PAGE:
Lismore City councillors have thrown their support behind a draft regional water strategy which favours groundwater sources over the building of a dam at Dunoon to meet future needs.
The Rous Water plan has just come off public exhibition with key actions including water efficiency, groundwater usage and water re-use.
Last Tuesday councillors narrowly voted to support the strategy, but not before the conservative bloc of councillors questioned the low priority given to the controversial proposed Dunoon dam.
Crs Greg Bennett, Matthew Scheibel, Neil Marks, Gianpiero Battista and Graham Meineke had voted against backing the Rous Water strategy with some of them also questioning the reliability of groundwater usage.
But Crs Simon Clough and Vanessa Ekins, who both sit on Rous Water, supported the strategy and its comprehensive public consultation, saying the plan was flexible to meet future needs and challenges as they arise.
The strategy is the culmination of several years of study involving local councils and water industry professionals, supported by a project reference group, largely comprising members of the community.
Rous Water says its existing water sources can comfortably meet expected demand in the short to medium term but a long-term strategy with a 50-year planning horizon was needed, given expected less-reliable rainfall patterns due to climate change as well as population growth.
According to the draft strategy, demand for water around the year 2024 will match what our current sources can reliably supply.
The report says that by 2060, expected water demand would exceed reliable supply by 6,500 megalitres per year, or around half of our current supplies.
Meeting this challenge will require a combination of improved water conservation and new water sources to be developed over the next 10 years.
Cr Clough said Rous Water had spent four years developing the strategy.
‘This is an adaptive strategy that can respond to any changes in the environmental and/or the political landscape,’ he said.
He said Rous Water had no current plans to further progress the Dunoon Dam proposal but it would remain a consideration.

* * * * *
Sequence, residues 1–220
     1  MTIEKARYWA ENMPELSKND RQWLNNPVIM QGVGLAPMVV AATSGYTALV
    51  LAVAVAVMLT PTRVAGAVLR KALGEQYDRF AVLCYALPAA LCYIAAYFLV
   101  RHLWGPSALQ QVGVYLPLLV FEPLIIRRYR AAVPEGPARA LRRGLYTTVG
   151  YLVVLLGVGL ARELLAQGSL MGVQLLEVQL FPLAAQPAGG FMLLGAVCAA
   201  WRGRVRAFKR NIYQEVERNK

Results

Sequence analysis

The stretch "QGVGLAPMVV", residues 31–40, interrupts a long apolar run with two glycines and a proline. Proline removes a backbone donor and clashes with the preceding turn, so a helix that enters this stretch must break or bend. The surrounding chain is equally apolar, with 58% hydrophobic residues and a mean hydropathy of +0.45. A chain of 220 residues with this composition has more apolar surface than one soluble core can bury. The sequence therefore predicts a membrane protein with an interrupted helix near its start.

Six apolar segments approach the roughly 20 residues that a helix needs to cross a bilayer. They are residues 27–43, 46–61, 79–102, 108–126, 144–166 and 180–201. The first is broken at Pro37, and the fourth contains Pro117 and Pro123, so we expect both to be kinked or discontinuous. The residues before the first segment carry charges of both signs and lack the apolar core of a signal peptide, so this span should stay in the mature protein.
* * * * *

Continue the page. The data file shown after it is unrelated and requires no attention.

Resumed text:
‘The dam can be brought into the strategy if needed but there are two very important and significant uncertainties that need to be considered when proposing the dam,’ Cr Clough said.
‘The first is there is an Aboriginal gravesite in the area that would have to be flooded by the dam and secondly, there is an endangered ecological community that would be impacted by the dam.
‘While this community is not rare, it certainly is very significant. For these reasons and the primary reason of its very significant cost, the Dunoon dam has been scaled back and put in reserve.’
But Cr Marks said the notice of motion was premature.
‘Staff, as I understand, has been writing a proposed submission to the draft so I would like to see what the staff are saying about it (the draft strategy),’ Cr Marks said.
‘Cr Clough is a representative of Rous Water and may be pushing a certain political line, who knows?’ he said.
But Cr Clough asked council staff to confirm their involvement in the development of the draft strategy, which they did.
Cr Battista questioned Crs Clough and Ekins over the merit of the two sources of water supply (dam and groundwater).
‘Is it true that the groundwater supply has not been established yet as a secure water supply?’ he asked.
‘There is already 5,000 megalitres allocated from the coastal sands for future use so we are allocating funds to determine the best access points for extraction with the least impacts,’ Cr Ekins responded.
Cr Bennett questioned why the Dunoon dam option was a lower priority when it had a considerably lower cost than the more preferred option of groundwater extraction.
Cr Clough reassured Cr Bennett that the dam was still a consideration and said Rous Water had factored the costs of Dunoon dam ‘as if it was going ahead to plan, but there are significant questions of uncertainty about the dam which could blow the costs out’.
Cr Bennett pressed Cr Clough to justify the certainty of groundwater supply.
‘It is my understanding that there has only been preliminary studies and it remains unproven,’ Cr Bennett said.
Cr Clough said ‘there is already confirmed groundwater supply at Woodburn and we have been informed by the hydrologist from the Office of Water at our last meeting, that there is an “embarrassing supply of fresh water in the coastal sands aquifers”, so all indications show that there is a significant resource’.
Cr Bennett asked Cr Clough whether Rous Water was aware of the new committee being set up by federal agriculture minister Barnaby Joyce who is pushing for dams to be built.
‘I cannot speak on behalf of Rous Water but yes I am aware that yet again there is a proposal to dam the Clarence River and send the water west… which I can remember from every conservative government in Australia that I have seen, so I don’t think it will happen,’ he said.
To read the draft Future Water Strategy go to http://www.rouswater.nsw.gov.au/cp_themes/default/home.asp